The cryptographic brain

Let’s consider the future. I’ve recently developed a bit of a theory. Consider how (afaik) recordings aren’t often admissible in court because they can be so easily modified. Consider how you can’t trust images anymore because of photoshop et. al. It’s becoming easier and easier to fabricate “reality”. If you account for improvements in VR and/or nanotechnology, given enough time I suspect we won’t be able to trust even our own senses. However, I think this admits a partial solution – cyptography. It seems to me that in order to combat increasing attempts to deceive the average person, efforts may be made to, say, embed a cryptographic chip in the human brain. Such a chip would enable you to sign, verify, and encrypt communications with others, presumably over any medium. You might not be able to trust your eyes, but you can know who is talking to you and what they’re saying. Furthermore, you could talk with anyone in any setting, with only the intended party able to understand you, like a cross-room whisper. Given a challenge-response protocol, no-one could steal your password, no matter how many nanomachines they hid in your keyboard. Speaking of nanomachines, however, raises the question of “what if they try to infiltrate your brain?” Which suggests an nanomechanical immune system of sorts. I think that’s getting off topic, though.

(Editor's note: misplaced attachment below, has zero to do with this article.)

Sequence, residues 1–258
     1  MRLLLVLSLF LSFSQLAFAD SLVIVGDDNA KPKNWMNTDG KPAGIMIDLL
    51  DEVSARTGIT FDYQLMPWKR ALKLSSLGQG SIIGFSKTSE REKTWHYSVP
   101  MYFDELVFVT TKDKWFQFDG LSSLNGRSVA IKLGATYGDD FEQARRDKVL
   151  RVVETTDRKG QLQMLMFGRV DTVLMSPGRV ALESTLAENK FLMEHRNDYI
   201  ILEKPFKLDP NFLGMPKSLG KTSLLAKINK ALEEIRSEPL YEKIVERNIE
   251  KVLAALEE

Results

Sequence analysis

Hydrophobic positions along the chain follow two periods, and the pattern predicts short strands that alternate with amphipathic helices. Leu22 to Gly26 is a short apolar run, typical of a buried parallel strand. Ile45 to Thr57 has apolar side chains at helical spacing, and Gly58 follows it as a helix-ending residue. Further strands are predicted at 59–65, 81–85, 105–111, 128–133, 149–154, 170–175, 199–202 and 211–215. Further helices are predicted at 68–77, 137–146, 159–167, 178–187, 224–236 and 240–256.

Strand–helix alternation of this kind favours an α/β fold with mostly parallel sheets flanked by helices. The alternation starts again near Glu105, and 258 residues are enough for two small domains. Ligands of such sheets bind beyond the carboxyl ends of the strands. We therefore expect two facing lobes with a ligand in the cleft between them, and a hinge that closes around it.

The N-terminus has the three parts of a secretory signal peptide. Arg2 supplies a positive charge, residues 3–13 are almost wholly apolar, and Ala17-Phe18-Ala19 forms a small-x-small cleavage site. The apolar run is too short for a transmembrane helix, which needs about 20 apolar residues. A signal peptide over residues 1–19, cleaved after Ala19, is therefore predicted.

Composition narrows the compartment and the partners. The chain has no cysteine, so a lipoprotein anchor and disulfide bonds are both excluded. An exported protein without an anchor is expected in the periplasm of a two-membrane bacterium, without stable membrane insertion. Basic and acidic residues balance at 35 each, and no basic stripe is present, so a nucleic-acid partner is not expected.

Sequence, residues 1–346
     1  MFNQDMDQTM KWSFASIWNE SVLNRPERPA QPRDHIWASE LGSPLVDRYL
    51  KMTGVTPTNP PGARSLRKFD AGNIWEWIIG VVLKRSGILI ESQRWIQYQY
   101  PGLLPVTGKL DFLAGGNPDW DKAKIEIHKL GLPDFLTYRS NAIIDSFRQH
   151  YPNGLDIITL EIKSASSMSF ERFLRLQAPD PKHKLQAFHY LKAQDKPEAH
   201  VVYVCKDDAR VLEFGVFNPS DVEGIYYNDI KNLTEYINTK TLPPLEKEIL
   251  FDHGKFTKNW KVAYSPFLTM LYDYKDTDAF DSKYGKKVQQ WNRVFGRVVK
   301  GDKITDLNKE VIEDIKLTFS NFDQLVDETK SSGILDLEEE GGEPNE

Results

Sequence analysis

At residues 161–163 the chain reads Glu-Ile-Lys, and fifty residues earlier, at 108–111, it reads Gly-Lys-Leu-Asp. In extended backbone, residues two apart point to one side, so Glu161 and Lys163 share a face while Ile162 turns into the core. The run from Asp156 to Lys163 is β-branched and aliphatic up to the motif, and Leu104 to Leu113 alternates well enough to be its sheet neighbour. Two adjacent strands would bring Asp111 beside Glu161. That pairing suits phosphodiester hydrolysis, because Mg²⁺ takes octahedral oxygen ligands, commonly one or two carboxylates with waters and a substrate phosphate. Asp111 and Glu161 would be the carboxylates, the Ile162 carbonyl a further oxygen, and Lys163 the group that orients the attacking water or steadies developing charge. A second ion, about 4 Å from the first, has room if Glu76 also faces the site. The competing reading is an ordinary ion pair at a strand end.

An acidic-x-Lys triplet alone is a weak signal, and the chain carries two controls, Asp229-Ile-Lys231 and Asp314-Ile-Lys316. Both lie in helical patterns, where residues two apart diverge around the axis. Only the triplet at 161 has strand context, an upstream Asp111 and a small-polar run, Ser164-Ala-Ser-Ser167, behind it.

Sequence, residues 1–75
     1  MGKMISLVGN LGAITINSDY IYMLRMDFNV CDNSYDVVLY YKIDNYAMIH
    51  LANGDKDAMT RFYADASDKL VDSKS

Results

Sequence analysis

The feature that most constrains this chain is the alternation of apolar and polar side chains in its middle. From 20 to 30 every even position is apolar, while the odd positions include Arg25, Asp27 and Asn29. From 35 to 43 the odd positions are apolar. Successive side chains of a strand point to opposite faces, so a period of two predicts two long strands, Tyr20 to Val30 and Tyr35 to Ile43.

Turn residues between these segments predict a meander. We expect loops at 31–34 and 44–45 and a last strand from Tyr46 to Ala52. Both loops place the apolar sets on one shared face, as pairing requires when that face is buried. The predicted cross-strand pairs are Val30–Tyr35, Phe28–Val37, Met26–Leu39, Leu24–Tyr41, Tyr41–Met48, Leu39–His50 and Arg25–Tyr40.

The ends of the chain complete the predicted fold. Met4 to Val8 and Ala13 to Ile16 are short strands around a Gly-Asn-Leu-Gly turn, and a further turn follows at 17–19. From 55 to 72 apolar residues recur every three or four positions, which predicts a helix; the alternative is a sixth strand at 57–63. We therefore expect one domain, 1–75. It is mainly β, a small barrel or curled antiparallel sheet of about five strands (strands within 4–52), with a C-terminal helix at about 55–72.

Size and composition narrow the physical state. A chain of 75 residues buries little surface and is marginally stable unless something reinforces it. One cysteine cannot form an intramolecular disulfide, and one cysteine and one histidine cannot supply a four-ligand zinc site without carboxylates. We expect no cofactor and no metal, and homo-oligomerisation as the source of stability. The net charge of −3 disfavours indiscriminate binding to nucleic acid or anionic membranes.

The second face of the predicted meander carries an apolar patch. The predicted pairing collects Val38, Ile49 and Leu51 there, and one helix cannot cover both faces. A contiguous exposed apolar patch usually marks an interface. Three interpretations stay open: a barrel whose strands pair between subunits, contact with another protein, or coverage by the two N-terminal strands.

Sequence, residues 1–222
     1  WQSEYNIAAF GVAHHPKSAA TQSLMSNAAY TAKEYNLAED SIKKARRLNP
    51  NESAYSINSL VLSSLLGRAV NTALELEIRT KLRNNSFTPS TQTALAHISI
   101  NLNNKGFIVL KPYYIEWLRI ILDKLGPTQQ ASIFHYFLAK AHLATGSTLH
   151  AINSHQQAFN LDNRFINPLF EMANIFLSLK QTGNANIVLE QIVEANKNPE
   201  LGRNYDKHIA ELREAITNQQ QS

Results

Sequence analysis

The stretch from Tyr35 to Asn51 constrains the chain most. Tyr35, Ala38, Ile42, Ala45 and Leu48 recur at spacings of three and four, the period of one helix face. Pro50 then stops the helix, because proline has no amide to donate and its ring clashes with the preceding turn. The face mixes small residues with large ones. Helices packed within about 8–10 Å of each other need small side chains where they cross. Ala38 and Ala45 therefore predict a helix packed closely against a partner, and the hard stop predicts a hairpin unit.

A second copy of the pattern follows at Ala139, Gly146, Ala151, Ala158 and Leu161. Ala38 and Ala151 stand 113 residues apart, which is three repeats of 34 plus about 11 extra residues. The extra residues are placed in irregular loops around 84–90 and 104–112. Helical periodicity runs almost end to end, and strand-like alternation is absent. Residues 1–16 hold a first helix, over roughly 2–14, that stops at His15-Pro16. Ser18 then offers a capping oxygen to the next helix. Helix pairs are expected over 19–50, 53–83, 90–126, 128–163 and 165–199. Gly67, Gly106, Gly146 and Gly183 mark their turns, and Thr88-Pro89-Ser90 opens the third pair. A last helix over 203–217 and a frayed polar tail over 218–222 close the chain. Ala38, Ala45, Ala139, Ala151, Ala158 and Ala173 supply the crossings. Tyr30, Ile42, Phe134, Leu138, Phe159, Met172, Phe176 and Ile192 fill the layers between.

The prevalence of cryptography (made functionally required by the prevalence of IRL spam, basically) could have an additional effect of non-repudiation – if somebody says something, signed with their key, you can prove to the world that they said it. They might simply not sign their message, or use a different protocol, but depending on the manner of its adoption into culture and people skills, not doing so may itself be considered a red flag that they’re acting cagey.

Just some food for thought. In the meantime, I’m considering signing more of my messages with a private key. It’s taken me a while to knuckle down and actually write another post, though [1], and if I delayed in order to make a key and protocol [2], I’d never post anything.

Do I, like, come up with a traditional sign-off? Too much work for now. Bye.

– Erhannis

[1] A lot of thoughts of “oh, is this important enough to make a new post about?” blah blah blah. The opinion I now assert is that it matters more that I write something than that I pick carefully what to write about.

[2] I’m thinking maybe append the SHA-512 of the plain-text post, post the hash to the blockchain for timestamp verification, and append the transaction address to the post. …Hmm, the inclusion of the transaction isn’t secured, could it be altered to be a new transaction address, and does that break anything? Aaaanyway.

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